If more than one person makes a relative estimate of alternatives, the overall result can be calculated by counting ranks, e.g.

Estimator 1
Estimator 2
Estimator 3
The total rank of the alternatives would be the sum of their ranks, e.g. 1+1+2 for D.
Estimator 1 ranking
Estimator 2 ranking
Estimator 3 ranking
Total rank

In order of overall rank, this would be the result of the relative estimate: D(4),B(6),A(9),C(11)



The relative estimate can be used to estimate the expected effort for the implementation of requirements. One way to interpret the example result above could be: D will take longer than B, which will take longer than A, which will take longer than C to be implemented.

However, it is not known how long D or B will take, nor how much longer D will take than B.

Or such an estimate can be used to estimate the value that a requirement could have for a customer (or a sales department). Then the above result could be interpreted as follows: D will deliver more value than B, which will deliver even more value than A, which would be more valuable than C.

However, it is not known how much absolute value a requirement has.

This is also a feature, not a flaw of this approach!

Absolute estimates are difficult, perhaps even impossible, within reasonable margins of error. This even applies to the assignment of abstract numbers to requirements. Equating D with 13 and B with 8 is pretty accurate, even if SPs are only meant to express relative values.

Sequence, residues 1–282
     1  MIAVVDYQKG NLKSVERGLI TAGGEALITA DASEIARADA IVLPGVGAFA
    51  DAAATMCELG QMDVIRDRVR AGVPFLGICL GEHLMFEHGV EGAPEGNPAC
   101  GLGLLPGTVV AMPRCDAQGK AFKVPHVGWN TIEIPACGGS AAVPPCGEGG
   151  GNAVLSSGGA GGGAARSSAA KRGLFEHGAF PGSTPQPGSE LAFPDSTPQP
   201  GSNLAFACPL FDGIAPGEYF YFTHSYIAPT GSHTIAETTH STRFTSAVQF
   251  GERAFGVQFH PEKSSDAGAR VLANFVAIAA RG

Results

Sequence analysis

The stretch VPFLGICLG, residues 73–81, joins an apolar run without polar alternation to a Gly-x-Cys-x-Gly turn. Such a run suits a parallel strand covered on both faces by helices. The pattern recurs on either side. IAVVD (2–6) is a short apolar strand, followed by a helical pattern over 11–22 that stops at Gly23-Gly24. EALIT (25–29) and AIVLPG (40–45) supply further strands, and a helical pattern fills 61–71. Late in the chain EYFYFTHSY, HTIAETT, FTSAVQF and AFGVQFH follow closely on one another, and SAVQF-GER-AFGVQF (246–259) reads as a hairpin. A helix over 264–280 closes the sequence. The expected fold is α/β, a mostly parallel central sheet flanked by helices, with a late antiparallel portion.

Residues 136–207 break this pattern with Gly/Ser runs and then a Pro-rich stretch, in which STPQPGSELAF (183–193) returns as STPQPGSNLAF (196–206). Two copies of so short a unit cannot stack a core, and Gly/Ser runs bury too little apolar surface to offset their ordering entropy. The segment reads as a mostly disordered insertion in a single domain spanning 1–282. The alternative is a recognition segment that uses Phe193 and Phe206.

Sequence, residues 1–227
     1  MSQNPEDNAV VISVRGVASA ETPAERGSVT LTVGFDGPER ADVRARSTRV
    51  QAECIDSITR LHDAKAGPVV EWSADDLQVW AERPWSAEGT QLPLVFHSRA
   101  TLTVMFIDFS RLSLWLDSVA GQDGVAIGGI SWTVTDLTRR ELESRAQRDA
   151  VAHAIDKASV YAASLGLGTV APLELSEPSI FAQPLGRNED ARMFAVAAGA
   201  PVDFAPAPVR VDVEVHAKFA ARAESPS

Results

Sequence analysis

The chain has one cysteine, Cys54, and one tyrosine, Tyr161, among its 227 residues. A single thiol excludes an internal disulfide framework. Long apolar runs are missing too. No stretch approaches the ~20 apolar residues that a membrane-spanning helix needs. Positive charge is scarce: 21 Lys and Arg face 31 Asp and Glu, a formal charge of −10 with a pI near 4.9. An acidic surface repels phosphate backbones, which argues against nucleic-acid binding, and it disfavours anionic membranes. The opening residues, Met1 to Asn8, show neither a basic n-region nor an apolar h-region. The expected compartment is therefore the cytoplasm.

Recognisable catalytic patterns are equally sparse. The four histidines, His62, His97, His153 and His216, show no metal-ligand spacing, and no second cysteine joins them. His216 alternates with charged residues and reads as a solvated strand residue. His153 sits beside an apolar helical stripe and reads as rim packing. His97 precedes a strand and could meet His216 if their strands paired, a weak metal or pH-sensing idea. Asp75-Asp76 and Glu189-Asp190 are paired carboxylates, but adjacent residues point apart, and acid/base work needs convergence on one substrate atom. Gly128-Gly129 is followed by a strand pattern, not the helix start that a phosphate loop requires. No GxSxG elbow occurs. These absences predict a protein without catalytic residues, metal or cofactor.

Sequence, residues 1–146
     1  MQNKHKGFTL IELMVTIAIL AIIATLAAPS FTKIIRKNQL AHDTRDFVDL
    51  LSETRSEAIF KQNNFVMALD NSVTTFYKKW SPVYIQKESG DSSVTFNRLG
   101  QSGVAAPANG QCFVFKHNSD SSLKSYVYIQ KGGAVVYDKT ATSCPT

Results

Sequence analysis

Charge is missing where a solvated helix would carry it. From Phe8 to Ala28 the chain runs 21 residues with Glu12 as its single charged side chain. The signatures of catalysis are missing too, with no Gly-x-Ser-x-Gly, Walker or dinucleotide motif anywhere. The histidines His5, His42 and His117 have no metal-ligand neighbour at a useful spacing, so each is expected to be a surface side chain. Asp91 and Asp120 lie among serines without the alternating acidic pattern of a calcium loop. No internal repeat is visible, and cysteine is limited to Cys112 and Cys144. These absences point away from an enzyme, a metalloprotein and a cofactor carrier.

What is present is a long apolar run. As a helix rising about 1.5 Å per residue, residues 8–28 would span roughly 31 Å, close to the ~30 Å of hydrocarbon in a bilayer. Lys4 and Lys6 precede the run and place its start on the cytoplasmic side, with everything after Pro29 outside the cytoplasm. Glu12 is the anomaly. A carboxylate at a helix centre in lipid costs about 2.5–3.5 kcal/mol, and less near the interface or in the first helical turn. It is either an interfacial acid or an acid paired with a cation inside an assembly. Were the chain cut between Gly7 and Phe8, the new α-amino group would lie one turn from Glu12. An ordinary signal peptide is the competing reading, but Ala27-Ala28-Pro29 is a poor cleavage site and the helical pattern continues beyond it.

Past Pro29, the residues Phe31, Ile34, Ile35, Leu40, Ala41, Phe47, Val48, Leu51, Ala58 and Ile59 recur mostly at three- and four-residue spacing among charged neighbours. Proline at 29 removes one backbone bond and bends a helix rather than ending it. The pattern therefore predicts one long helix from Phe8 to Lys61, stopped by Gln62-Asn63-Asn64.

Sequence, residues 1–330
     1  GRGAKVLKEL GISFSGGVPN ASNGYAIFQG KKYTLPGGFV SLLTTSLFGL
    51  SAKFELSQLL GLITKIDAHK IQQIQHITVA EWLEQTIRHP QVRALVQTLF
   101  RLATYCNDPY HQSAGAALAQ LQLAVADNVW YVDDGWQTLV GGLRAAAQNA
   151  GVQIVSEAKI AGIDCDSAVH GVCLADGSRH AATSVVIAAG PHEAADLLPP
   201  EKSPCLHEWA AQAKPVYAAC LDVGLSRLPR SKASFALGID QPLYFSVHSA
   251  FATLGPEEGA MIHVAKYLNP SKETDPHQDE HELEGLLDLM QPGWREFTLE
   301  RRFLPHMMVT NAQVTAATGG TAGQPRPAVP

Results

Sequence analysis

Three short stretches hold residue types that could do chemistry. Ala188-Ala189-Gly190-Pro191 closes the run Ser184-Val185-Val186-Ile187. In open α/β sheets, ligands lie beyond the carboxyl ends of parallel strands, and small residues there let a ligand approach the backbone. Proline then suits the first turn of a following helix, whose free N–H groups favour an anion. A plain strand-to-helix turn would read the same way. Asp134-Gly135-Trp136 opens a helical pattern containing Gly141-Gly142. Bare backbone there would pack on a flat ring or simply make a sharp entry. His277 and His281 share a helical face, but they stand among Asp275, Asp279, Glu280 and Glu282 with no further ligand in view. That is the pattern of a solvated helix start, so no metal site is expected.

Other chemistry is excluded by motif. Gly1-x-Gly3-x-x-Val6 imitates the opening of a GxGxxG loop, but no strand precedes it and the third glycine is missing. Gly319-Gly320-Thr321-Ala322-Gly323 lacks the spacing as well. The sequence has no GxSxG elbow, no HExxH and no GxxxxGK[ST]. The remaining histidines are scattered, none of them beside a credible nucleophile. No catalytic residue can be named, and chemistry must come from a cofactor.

But a gut feeling is enough for a purely comparative assessment in pairs. That is honest. Because developers have no more than a gut feeling when estimating. (And even that could be wrong).

The decision for B>A in step 1. above does not stand for more than "My gut feeling is that B will take longer than A. But by how much? But by how much...? I don't know." or "My gut feeling is B is more valuable than A. But by how much? I don't know."

Perhaps a comparison could be provided with a factor such as "B takes a little longer" or "B takes much longer". But more than 2 or 3 factors (e.g. "more" (>), "much more" (>>), "enormously more" (>>>)) make no sense. A gut feeling cannot be more precise.

Such a factor would then of course influence the overall rank. This could be facilitated by greater distances (>=1, >>=3, >>>=10) between alternatives. Instead of assigning them contiguous ranks, the ranking could be sparse. Example: D>B>>A>>>C could be translated into

1. D
2. B
5. A
15. C

Your task

Functional requirements

Write a program to support comparative estimation in a team.

Each estimate begins with the entry of an optional title for the estimate project (e.g. "Sprint 12") and the items (user stories) to be compared. The number of items does not have to be limited. However, if all items are entered, the maximum number of comparisons will be displayed.

The estimation project is then distributed to the team members (e.g. by telling them its ID or sending them a URL) so that they can perform their comparison.

Team members compare the project items in pairs. This can be as simple as just selecting which item in a pair is considered larger/more valuable. Or a factor can also be specified, e.g. "much bigger" or "much, much more valuable".